We lost him
By the time I got to the hospital that fateful 1st Saturday in January 2009, I was 24 weeks into my pregnancy and 4cm dilated! The doctor told us the prognosis was bad, my baby’s lungs were immature and could risk grave infections if born at that age. We had two options: evacuation or cerclage. We chose the latter. He did an emergency cerclage that night. Cervical cerclage is a rarely used type of surgery that involves sewing shut the outlet of the uterus (cervix) to prevent it from opening before a pregnancy is carried to full term.
I was placed on full bed rest and we began to pray for a miracle. The doctor opined that if I could keep my son in for four to six more weeks, he would have a high chance of survival. I must add here that the cases of premature births in Nigeria are very high and WHO through the Born Too Soon: Global action report on pre-term birth in 2012 ranked Nigeria as the 3rd country with the highest number of pre-term births after India and China. Unfortunately there are no government policies for pre-term births and most hospitals are not equipped for the care of such delicate babies. Three days into my bed rest, my water broke and I had to deliver my son prematurely. He didn’t survive the delivery and died immediately after.
My hubby was a pillar of strength during the days following that devastating loss. This was a child I sought with tears and humiliating treatments and I lost him “just like that”. My body wasn’t going to make it easy for me either as I had all the after-pains of a new mother but no child. Friends, family and colleagues at work were very nice but that nagging sense of loss was sometimes unbearable and I really cried a lot during the days after. I also discovered that a lot of people have similar experience as those who came to see me where recounting their own stories of loss. I wondered why we never hear about this.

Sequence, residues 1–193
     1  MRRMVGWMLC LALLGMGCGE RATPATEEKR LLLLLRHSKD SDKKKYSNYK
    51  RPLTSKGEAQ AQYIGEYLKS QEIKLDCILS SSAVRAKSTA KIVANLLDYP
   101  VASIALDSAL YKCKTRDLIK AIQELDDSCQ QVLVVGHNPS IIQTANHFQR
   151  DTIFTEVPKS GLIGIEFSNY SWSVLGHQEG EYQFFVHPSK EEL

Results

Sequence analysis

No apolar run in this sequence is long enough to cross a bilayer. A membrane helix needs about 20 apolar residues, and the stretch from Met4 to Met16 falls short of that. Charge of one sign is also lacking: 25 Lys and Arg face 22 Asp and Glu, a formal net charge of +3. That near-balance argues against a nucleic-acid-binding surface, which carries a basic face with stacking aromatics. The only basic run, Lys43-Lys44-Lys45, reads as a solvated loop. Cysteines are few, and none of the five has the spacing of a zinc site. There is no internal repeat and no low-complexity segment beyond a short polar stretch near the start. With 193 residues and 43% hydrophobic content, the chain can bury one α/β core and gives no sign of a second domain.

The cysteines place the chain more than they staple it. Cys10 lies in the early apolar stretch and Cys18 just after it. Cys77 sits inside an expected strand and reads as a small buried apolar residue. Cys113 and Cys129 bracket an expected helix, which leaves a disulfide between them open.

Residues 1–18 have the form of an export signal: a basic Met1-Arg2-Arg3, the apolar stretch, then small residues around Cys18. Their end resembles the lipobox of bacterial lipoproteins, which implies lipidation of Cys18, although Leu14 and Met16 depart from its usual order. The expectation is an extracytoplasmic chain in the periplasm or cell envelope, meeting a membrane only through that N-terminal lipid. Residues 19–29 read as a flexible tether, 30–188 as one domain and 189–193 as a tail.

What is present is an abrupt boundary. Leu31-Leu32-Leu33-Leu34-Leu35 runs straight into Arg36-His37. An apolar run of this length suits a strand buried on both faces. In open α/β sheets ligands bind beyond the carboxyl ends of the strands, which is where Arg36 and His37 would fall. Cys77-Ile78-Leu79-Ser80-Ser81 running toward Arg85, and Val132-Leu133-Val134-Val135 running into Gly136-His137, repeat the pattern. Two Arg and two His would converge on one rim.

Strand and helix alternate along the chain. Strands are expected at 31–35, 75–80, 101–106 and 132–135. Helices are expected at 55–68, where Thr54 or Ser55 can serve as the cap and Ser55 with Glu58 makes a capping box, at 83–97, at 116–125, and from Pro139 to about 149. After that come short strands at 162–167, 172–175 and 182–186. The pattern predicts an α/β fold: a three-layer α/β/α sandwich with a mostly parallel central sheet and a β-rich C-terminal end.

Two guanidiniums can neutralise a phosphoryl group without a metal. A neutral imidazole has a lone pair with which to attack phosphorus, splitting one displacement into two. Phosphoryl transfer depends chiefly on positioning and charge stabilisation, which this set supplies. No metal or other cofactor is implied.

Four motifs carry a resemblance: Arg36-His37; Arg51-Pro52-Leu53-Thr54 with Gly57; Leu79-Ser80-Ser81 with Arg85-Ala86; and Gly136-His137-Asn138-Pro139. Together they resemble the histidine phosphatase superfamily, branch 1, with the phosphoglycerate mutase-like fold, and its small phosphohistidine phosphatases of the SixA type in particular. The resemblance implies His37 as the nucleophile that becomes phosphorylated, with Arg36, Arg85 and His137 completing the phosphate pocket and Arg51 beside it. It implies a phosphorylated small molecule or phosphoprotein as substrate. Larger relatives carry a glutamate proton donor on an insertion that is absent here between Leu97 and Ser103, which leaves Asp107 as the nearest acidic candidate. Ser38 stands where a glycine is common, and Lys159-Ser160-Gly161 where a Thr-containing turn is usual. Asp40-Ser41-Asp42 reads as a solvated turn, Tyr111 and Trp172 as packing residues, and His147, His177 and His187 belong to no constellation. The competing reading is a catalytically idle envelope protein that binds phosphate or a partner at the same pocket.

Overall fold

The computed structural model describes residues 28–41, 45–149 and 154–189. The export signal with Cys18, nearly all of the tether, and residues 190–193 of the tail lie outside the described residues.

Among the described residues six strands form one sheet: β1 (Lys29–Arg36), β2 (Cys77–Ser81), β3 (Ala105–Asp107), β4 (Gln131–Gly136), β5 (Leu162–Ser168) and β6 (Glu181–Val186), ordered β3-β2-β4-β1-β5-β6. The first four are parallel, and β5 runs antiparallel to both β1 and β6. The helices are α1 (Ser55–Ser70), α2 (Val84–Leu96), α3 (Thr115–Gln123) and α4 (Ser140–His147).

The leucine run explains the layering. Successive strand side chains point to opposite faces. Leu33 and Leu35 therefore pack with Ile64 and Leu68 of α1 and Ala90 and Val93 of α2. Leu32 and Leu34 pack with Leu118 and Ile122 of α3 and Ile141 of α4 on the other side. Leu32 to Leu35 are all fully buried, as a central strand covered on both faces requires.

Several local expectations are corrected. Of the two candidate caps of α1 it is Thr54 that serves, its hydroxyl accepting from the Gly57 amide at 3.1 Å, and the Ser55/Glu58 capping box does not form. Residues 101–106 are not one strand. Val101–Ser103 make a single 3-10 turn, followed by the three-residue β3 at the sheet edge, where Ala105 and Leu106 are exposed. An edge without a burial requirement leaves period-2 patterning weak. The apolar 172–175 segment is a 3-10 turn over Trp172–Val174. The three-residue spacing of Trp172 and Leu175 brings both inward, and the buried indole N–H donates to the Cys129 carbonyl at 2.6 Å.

I knew from studying that I needed to bounce back so I started trying for a child again after my doctor gave me a clean bill of health but I had other issues to contend with now. When I didn’t conceive after 6 months, I did an HSG (Hysterosalpingography is a kind of x-ray that looks at the inside of the uterus and fallopian tubes and the area around them). We discovered the trauma of the birth had blocked my tubes so I had a procedure to re-open them but nothing happened. I resumed fertility treatments and in June 2010 it happened again for me
The pregnancy was unlike the previous one. I was in and out of the hospital. At 8 weeks I bled for a while and was placed on bed-rest for some days. At 12 weeks I had a cerclage placed in to prevent premature dilation of the cervix. From then I progressed and kept my fingers crossed. When I passed the 24 weeks mark I was really happy.
I was lucky, really favoured to have an understanding boss and supportive colleagues. I told my boss my story and he was fully supportive. As I neared the 30th week I began to see blood and water. The doctor ordered complete bed-rest and that was quite challenging. I was scared but hopeful at the same time.
My son’s arrival
I had been having contractions off and on for about 7 days earlier. On the 8th day my hubby couldn’t bear it anymore and took me to the hospital very early that Sunday morning of December 12 2010. I was placed on IVs and my contractions were being monitored. The next morning my water broke and I had my son Oromitope Edwardquickly without complications. He was 31weeks and weighed only 1.6kg.
The anxieties and fears of the mother of a pre-term baby
The NICU is a place of anxiety, fear and prayers. I didn’t have any prior knowledge of premature babies. I bless God for good doctors and nurses who took great care of my son. The hospital stationed one nurse in the NICU just watching over him. He had problems breathing so was on oxygen for a while and I couldn’t hold him until weeks after. By the time we started feeding him, his weight had dropped to 1.35kg. Gradually he started breathing on his own. From 20mls of breast milk every 2 hours he began to eat more and the day came when he left the isolette and roomed with me in the ward. My ‘kangaroo’ baby was gradually ready for home!